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08/06/2023 22:05

Lost Dog Walked 65 Kilometers To Find Her Way Back To Go To Her Beloved Owner

When Seneca Krueger picked up her foster dog Zelda for the first time a year ago, she could not have predicted the extraordinary journey Zelda would make to be with her again.

Krueger is a dog foster mom who specializes in teaching rescued dogs to once again trust humans. She has fostered 30 dogs thus far, but Zelda was a particularly difficult case.

She observed that Zelda appeared to be the calmest when she was on a leash, so she began tether training her. Gradually, the timid dog began to relax and become more outgoing.

Krueger stated, “When I was at home, she was attached to me.” I weaned her off of her anti-anxiety medications over the course of two weeks of tether training, and her pacing decreased. She was even willing to emerge from hiding for brief periods on her own.”

After two months living with Kruger and her two family dogs, Zelda eventually waggled her tail. She started barking and playing around four months old. However, Krueger was aware that she had done all she could for Zelda and that it was now time to let her go.

“As Zelda gained more self-assurance, I decided it was time for her to find a permanent home,” Krueger explained. “As a dog foster parent, you are expected to help them adjust and then say goodbye as they go on to live their best lives.”

Krueger drove Zelda 65 kilometers to her new residence, but breaking up with her was more difficult than she anticipated.

“I had to pull over because I couldn’t see through my tears,” said Krueger. “For the first time in my twelve years of dog fostering, I felt as though I had given my dog away.”

After ten days, Krueger received a call that would have terrified any dog owner: Zelda had gone missing. Krueger immediately hopped in his car and began searching for her.

START (Search, Track, and Recovery Team), an all-volunteer dog search team, had also been informed of Zelda’s disappearance. The team installed feeding stations and trail cameras throughout the region, and sighting reports of Zelda began to pour in. As the temperature fell below zero, Krueger refused to abandon her search.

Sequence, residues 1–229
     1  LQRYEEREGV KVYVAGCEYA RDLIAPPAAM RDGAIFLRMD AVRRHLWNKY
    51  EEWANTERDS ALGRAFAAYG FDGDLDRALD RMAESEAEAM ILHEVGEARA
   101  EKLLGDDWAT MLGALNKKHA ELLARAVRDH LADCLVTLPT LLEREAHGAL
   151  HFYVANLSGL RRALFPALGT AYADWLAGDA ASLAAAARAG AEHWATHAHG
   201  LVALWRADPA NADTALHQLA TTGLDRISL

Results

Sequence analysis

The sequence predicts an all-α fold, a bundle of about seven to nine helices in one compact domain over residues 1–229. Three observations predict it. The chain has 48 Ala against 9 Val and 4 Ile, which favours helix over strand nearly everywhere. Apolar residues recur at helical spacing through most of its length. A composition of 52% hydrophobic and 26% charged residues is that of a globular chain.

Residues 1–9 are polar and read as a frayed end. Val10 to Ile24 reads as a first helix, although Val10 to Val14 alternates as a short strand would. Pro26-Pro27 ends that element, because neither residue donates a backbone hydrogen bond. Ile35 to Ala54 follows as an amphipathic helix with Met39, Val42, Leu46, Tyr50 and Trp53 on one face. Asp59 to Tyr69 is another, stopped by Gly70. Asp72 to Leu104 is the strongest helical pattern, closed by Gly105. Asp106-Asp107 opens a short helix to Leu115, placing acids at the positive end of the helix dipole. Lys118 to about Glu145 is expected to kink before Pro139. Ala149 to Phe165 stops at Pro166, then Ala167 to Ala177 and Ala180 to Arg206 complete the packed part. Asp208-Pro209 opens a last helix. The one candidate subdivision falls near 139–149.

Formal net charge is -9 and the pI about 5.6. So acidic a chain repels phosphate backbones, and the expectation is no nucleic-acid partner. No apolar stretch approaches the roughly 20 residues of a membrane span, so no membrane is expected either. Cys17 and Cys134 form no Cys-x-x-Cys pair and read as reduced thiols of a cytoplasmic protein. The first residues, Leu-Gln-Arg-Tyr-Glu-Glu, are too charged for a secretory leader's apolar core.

“On the coldest days, I spent the most time searching because I was desperate to find Zelda,” Krueger explained. “[I] spent hours in the bitter cold following dog tracks through ravines, frozen marshes, and fields.”

More than two months later, Krueger learned that Zelda had been located in Minneapolis, halfway between her new home and her foster home. Then, Krueger learned that Zelda was attempting to return to her.

Two weeks later, Krueger was informed that Zelda had been spotted close to her residence. She placed feeding stations around her home and began dumping dirty laundry on the front lawn in hopes that the odor would entice Zelda to return.

A couple informed Krueger that they had been caring for a terrified dog resembling Zelda. However, Krueger did not want to get her hopes up after waiting so long.

“Even though I desperately wanted this dog to be Zelda, I knew that if there was a lost, terrified dog on the streets, we had to help it,” Krueger said. Even if it was not the dog I knew, loved, and sorely missed.

Finally, the couple was able to capture the malnourished dog in the wee hours of the morning and notified Krueger. Inside the cage, Krueger discovered a small, anxious dog that bore little resemblance to Zelda.

A quick scan of the dog’s microchip confirmed the impossibility when the manager of START arrived. After more than three months on the run, Zelda had returned home.

“It was a miracle, and in the face of a miracle, what else can you do? I sobbed,” Krueger said. “I expressed regret to Zelda for failing to recognize her. I had not physically contacted her in 97 days. I reassured her that she was returning permanently and that I never ceased searching for her.”

Zelda has adjusted well at home and is overjoyed to be reunited with her mother.

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